Another plan would have the lighting department privatized.
In any case, city leaders are angry. This past summer, several leading clergy members took Wall Street to task over contributing to blight by letting foreclosed properties fall into disrepair.
A Nebraska girl born with incomplete arms and no legs has finally achieved her dream of being a cheerleader – thanks to a high school coach about 800 miles away.
Julia Sullivan, 16, of Aurora, and her family traveled last week to Portland (Michigan) High School at the invitation of Portland cheerleading coach Linda Fox, who had Sullivan join her varsity squad for Friday’s homecoming football game.
It was the first time that Julia, who tried out for her high school’s squad in Nebraska three times without success, had cheered on a team in public, CNN affiliate WILX reported.
“I love to get the crowd going, and (I’m) just … excited (to) show the world what I can do,” she told WILX.
Fox said she’d read about Julia’s efforts to join her squad in Aurora.
“I was surfing the Internet and came on Julia’s story, and I was very inspired,” Fox told WILX. “I brought it to the team, and they challenged me to do something.”
Dave Falkenburg didn’t catch any fish in Michigan’s Wild Foul Bay on a recent excursion, but he’s happy with what he says he did grab from the water: A 65-pound fawn.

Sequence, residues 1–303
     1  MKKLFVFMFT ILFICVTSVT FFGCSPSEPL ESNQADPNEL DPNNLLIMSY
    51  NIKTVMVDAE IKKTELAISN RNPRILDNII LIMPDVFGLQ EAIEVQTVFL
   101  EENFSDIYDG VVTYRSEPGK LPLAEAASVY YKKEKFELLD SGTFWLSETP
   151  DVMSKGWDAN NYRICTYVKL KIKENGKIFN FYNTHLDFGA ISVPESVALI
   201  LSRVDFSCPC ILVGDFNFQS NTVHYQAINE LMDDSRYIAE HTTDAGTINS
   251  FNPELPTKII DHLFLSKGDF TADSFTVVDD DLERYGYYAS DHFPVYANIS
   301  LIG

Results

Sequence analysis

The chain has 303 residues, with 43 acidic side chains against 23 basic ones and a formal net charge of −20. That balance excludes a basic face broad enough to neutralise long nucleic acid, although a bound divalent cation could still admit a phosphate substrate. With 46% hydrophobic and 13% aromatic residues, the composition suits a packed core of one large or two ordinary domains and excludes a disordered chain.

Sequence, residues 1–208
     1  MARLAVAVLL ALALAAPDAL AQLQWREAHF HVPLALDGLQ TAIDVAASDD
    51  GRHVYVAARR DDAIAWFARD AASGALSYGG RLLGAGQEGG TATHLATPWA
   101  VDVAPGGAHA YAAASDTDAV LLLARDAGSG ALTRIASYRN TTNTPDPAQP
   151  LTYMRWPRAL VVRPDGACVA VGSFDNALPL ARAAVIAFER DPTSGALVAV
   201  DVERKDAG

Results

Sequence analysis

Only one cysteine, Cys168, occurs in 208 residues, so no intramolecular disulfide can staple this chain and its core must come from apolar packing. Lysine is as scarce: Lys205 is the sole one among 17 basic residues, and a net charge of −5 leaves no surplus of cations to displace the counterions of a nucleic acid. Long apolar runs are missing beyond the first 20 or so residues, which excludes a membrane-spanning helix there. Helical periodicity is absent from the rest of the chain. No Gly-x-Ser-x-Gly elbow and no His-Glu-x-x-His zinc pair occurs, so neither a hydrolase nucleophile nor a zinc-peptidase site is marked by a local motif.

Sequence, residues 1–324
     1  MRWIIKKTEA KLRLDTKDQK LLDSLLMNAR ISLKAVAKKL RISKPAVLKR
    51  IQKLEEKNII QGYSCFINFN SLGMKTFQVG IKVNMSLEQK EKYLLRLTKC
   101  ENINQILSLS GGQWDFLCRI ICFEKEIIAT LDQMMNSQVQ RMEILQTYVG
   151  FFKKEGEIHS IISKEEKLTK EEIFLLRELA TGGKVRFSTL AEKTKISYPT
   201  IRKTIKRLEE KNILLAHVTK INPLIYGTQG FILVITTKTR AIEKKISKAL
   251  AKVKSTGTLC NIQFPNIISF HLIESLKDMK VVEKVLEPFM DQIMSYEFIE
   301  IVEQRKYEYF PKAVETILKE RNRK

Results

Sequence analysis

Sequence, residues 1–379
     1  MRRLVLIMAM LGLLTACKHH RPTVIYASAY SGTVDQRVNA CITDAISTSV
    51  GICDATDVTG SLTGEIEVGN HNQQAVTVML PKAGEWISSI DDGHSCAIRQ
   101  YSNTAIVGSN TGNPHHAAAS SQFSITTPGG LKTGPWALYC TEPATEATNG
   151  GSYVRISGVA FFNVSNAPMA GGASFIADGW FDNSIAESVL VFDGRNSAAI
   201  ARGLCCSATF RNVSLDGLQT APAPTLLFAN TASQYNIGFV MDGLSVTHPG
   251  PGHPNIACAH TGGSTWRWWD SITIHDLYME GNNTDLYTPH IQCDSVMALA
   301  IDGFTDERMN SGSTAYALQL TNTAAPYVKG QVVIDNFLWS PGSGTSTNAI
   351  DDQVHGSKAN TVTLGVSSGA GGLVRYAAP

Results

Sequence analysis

Falkenburg and his 13-year-old son, Justin, say video taken with the boy’s cell phone shows them rescuing the juvenile deer well away from shore on Sunday. They say they found it while driving their motorboat in the water about 45 miles northeast of Saginaw.
“My son thought it was a seagull or something,” Falkenburg told CNN of the moment they saw something bobbing in the water. “And I said no, I think it’s a deer.”
Falkenburg told CNN affiliate WNEM that it appeared the fawn was struggling to survive. The video, which the pair posted to YouTube, shows the boat approaching the water-treading fawn, and then Falkenburg grabbing the animal by the neck with the intention of keeping its head above water.
“We both decided that we needed to act, and needed to act fast,” Falkenburg, of Caseville, told CNN.
Thanks to you, the Green clan is still cranking out cars in Lansing, Michigan.
CNN introduced you in November 2008 to 10 members of the family who had provided a collective 300 years of service to General Motors and the United Auto Workers union. GM's future was hanging in the balance as the federal government weighed whether to save the automaker with an infusion of billions of taxpayer dollars.
"We're not asking to be bailed out, we're asking for a loan," Mike Green, the president of UAW Local 652, said at the time. "We're not asking for a handout, we're asking for a hand up."
The $50 billion loan was approved, a new version of GM emerged, the taxpayers recouped their money, and the extended Green family kept working.